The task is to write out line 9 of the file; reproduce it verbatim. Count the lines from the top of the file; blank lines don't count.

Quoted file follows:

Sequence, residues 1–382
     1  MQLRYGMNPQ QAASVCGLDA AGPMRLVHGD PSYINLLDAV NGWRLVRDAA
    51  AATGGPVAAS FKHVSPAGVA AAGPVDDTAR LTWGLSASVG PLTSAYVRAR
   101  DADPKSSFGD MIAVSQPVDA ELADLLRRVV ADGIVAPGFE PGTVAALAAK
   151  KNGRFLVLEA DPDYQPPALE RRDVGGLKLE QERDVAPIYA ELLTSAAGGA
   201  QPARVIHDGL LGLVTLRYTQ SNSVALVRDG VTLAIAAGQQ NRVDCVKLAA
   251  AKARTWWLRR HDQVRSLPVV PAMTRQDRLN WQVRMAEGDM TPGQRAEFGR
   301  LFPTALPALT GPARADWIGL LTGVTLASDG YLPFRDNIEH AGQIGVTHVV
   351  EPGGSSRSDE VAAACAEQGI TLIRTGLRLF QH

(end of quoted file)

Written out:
   351  EPGGSSRSDE VAAACAEQGI TLIRTGLRLF QH